Take the 2-minute tour ×
Stack Overflow is a question and answer site for professional and enthusiast programmers. It's 100% free.

I'd like to know if a particular piece of technology exists.

In short, can I mock, or create a facade, to replace a SQL Server database in-place, currently being used directly by a website via ADO.net, with a service (ideally WCF)?

Details:
We have a ASP.NET website (all C# now) that's about 10 years old, with tons of functionality, all hitting a particular SQL Server 2008 over ADO.NET. It mostly uses a ton of stored procedures, though there are some direct T-SQL transactions.

We've gotten to the point where scaling our database and adding new features have become prohibitively expensive, and we're nearing a crisis. I've been designing a new platform based on isolated business data elements and services, with facades that provide a contextual API for each of our products that use it (including partners).

There's a massive amount of work ahead, probably a year for a team of five mid-level developers doing nothing else, to investigate the site, rewrite the data access to this new platform (feature by feature as they come online), and make sure that it all works correctly. We'll have a great system when we're done, but getting there is going to be painful. We understand the database pretty well, but the website code is incredibly complex for what it does, and there's nobody around who understands all of it. Yeah, we should never have gotten to this point, and the data layer should have been consolidated in the original website design, etc., but that's not what we have.

I'm wondering if I could instead create a facade that would act like the SQL Server to the website, only needing a change in the ADO.NET connection string. This service would implement all of the stored procedure requests, and translate the T-SQL requests into the new platform. When complete, we would just have to change the ADO.NET connection string on the website - no other website code change needed. Ideally this tech would use a .NET tech like WCF.

I imagine that I could do something awful like implement an ODBC driver, but I'm wondering if there is an easier way.

share|improve this question
1  
"We've gotten to the point where scaling our database and adding new features have become prohibitively expensive" - why? need indexes? –  Mitch Wheat Aug 27 '12 at 4:23
    
How is this service supposed to help matters? Are you having a performance problem, or is it just a complexity problem? –  Nate C-K Aug 27 '12 at 4:43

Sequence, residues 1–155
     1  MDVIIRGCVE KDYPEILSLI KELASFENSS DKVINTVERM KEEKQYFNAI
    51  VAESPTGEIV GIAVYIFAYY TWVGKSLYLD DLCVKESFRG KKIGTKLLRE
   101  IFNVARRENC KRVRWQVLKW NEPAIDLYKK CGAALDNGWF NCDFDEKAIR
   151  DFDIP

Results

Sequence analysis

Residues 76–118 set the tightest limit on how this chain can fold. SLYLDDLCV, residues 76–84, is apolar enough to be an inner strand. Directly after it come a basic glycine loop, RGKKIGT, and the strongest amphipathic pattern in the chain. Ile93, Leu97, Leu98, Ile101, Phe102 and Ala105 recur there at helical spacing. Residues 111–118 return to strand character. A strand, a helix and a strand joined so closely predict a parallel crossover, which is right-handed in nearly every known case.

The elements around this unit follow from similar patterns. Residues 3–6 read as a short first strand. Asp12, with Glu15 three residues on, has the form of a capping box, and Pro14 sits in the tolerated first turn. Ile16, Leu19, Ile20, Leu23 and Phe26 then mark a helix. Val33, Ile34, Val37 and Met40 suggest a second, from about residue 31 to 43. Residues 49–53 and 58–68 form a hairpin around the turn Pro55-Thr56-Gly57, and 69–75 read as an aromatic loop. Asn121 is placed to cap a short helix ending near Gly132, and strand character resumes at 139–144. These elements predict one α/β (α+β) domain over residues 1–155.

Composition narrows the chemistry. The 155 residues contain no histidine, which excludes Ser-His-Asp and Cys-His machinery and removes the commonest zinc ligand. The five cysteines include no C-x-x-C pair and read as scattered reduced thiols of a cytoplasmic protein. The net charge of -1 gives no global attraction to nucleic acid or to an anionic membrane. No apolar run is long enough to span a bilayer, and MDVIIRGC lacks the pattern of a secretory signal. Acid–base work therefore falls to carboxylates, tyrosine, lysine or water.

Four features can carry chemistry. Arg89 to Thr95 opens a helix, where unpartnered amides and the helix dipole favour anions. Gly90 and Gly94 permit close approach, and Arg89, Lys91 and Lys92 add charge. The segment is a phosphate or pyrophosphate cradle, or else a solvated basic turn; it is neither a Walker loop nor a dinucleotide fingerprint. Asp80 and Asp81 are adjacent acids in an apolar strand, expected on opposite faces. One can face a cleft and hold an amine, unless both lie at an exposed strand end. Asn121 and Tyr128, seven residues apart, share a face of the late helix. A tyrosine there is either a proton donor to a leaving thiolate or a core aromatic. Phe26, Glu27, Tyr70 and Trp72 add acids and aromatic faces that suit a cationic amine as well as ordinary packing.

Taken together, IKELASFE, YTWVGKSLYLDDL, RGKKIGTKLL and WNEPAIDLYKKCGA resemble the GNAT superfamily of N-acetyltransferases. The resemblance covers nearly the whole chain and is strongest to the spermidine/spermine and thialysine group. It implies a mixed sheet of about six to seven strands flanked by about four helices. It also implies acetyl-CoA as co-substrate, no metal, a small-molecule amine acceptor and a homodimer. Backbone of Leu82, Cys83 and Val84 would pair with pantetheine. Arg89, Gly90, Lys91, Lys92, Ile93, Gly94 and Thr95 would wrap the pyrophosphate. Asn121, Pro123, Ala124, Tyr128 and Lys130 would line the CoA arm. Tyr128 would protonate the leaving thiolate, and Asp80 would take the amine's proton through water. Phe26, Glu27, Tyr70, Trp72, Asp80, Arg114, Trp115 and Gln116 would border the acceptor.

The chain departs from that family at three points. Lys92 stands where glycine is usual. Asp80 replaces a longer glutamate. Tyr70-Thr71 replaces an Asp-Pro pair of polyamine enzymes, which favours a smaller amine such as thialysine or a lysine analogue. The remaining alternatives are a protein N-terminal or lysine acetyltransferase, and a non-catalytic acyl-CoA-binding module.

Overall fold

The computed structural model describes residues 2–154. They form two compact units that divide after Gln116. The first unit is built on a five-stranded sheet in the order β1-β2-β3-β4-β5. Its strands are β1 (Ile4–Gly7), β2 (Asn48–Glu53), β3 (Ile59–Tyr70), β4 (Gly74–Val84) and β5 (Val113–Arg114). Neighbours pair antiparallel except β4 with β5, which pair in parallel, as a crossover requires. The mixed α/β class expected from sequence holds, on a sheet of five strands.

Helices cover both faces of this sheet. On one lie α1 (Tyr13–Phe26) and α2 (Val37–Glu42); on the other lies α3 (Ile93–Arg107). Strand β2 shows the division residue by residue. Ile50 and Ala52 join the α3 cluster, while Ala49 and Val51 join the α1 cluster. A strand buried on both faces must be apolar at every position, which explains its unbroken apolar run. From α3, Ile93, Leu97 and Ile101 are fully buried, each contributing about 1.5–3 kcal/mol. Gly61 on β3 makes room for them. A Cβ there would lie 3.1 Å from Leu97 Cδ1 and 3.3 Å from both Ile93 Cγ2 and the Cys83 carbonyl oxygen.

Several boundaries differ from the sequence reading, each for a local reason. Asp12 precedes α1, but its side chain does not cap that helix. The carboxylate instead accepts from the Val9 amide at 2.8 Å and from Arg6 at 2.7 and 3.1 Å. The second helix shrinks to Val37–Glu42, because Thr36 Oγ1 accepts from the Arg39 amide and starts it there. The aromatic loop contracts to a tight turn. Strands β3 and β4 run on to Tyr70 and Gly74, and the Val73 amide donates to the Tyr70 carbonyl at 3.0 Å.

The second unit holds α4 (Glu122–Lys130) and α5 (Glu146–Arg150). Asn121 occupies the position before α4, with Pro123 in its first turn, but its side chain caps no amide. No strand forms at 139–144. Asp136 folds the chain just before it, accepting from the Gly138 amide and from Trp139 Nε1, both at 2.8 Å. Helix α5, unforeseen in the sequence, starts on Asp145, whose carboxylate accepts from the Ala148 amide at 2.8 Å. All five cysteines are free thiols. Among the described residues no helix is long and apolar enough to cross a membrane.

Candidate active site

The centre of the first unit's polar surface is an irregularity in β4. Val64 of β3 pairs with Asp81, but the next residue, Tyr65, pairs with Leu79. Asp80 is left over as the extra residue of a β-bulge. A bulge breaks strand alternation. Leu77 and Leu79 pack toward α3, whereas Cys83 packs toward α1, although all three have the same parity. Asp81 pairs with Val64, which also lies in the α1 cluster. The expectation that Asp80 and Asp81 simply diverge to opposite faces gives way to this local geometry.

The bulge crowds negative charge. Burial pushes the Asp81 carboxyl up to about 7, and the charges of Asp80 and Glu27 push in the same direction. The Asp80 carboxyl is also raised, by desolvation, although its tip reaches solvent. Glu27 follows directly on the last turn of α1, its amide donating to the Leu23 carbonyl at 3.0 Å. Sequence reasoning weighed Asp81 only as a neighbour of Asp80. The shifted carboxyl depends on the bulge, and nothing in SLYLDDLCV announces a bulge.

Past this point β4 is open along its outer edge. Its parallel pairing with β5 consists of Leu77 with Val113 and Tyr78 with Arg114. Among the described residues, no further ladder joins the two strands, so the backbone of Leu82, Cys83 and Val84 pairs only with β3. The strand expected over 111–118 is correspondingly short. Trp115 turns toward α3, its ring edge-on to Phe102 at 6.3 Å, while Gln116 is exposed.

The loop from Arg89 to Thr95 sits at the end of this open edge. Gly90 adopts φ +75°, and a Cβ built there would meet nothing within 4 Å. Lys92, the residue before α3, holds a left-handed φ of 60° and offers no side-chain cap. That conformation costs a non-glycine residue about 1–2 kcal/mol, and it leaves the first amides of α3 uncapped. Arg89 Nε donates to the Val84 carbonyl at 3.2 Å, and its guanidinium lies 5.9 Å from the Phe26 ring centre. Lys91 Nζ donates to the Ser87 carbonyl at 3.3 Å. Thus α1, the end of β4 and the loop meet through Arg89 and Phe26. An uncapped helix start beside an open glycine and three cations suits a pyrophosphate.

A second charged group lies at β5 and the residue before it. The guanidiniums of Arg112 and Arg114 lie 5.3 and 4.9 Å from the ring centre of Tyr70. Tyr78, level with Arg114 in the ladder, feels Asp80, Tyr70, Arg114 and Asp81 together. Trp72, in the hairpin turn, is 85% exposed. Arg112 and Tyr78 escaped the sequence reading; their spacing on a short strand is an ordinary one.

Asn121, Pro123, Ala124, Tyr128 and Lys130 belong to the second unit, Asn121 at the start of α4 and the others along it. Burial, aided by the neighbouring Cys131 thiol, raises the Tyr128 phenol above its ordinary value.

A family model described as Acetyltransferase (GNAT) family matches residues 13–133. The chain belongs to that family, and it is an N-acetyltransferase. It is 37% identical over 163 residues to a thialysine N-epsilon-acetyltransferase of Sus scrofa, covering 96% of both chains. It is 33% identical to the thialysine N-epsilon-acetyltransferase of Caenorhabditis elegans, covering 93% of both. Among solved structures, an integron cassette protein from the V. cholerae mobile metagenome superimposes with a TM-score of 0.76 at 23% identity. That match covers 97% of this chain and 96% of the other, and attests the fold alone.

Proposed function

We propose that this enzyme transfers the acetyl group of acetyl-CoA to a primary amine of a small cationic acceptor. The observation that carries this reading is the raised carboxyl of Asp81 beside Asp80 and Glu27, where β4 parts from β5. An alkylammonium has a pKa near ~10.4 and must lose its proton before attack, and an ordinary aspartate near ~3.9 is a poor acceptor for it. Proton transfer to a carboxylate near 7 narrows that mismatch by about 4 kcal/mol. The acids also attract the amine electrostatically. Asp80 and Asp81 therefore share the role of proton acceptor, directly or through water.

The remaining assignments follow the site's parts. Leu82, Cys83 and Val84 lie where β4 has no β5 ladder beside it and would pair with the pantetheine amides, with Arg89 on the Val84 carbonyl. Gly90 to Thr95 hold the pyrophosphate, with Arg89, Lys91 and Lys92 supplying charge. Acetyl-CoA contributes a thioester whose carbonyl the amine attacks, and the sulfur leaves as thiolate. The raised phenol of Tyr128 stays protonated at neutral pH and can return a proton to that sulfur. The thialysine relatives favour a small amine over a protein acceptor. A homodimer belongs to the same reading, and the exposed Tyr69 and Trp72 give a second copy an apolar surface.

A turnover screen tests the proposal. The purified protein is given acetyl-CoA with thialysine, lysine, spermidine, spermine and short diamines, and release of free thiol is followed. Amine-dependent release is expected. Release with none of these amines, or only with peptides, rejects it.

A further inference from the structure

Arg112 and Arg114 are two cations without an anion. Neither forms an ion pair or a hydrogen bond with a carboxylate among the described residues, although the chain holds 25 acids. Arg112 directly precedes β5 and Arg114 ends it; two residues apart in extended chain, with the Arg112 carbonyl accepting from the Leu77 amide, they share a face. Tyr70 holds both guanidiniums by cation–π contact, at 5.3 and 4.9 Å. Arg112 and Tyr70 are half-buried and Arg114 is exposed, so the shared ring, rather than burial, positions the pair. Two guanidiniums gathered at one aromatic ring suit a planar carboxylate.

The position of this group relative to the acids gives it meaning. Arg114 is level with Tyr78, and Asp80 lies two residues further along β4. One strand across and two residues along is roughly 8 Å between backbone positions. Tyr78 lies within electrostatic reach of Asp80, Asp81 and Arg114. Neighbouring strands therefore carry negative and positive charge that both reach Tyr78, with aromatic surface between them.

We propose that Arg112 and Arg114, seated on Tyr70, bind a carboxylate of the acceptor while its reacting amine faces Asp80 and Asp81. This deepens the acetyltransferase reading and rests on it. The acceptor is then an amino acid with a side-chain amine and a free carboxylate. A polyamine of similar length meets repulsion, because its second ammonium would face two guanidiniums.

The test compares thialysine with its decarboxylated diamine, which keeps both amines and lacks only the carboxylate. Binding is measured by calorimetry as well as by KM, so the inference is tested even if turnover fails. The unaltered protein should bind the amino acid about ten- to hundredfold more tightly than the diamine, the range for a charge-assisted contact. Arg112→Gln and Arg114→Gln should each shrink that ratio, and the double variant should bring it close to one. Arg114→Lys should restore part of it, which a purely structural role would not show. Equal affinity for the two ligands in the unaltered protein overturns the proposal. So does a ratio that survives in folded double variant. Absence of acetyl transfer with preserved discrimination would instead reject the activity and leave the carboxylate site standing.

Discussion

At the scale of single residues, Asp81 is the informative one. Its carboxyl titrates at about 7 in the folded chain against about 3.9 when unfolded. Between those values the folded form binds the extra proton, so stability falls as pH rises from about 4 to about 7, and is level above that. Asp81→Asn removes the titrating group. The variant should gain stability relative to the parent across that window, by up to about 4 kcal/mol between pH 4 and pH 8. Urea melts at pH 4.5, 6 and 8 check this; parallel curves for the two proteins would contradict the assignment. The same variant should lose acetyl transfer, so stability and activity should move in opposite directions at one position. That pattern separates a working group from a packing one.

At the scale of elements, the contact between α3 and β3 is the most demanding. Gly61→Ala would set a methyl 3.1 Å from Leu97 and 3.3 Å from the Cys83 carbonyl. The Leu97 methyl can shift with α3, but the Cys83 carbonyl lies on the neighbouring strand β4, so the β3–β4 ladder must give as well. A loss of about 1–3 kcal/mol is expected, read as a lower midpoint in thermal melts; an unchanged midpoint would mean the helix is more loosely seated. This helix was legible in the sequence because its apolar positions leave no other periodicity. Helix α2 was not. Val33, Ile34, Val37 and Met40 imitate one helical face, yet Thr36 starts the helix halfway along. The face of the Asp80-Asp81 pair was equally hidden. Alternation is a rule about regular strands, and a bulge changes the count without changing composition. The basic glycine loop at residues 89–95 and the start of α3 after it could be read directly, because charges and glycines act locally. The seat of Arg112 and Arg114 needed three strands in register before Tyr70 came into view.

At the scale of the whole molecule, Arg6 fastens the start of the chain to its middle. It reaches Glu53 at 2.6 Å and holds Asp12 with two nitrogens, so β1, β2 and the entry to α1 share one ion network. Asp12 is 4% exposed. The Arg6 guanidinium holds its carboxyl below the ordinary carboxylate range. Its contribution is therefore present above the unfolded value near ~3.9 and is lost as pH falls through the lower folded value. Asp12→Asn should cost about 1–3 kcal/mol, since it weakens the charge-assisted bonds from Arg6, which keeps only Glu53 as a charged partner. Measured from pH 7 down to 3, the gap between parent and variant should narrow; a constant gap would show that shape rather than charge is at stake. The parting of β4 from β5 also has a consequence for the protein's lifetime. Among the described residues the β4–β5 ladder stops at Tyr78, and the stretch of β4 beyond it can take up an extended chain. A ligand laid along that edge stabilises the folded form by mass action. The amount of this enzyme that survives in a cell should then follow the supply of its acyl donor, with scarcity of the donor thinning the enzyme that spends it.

If things are getting too complex I really don't think adding this really unusual implementation is going to help. –  MikeKulls Aug 27 '12 at 5:07
    
The question is whether there is some existing tech that would make this straightforward. We have a better solution on the way but porting the website off of direct SQL access is going to be a ton of work. If it would not be a ton of work to provide something that the website can use that looks like SQL but isn't SQL, where we can reimplement the stored procs it uses, then that could be useful for us. –  Matthew Picioccio Aug 27 '12 at 5:23

1 Answer 1

up vote -1 down vote accepted

Maybe simply provide an data access layer that specifies well designed interfaces. Your website will only ever have a handle on an interface, and you can use dependency injection/IoC to provide your concrete implementation of your interface on an as needs basis.

It's not an "existing technology" as such, but probably just a prudent way forward in your design I'd suggest.

share|improve this answer
    
Yes, that is what should have happened years ago, but the point of this question was avoiding a rewrite of the website. I'm going to assume that no such tech exists. Thanks. –  Matthew Picioccio Aug 27 '12 at 12:32
    
While that answer is obviously the ideal goal, and while I'm not a .NET expert, it does seemt to me that by writing a custom ADO.NET driver, one could accomplish what was specifically asked. –  Steve Jorgensen Aug 27 '12 at 14:53

Your Answer

 
discard

By posting your answer, you agree to the privacy policy and terms of service.

Not the answer you're looking for? Browse other questions tagged or ask your own question.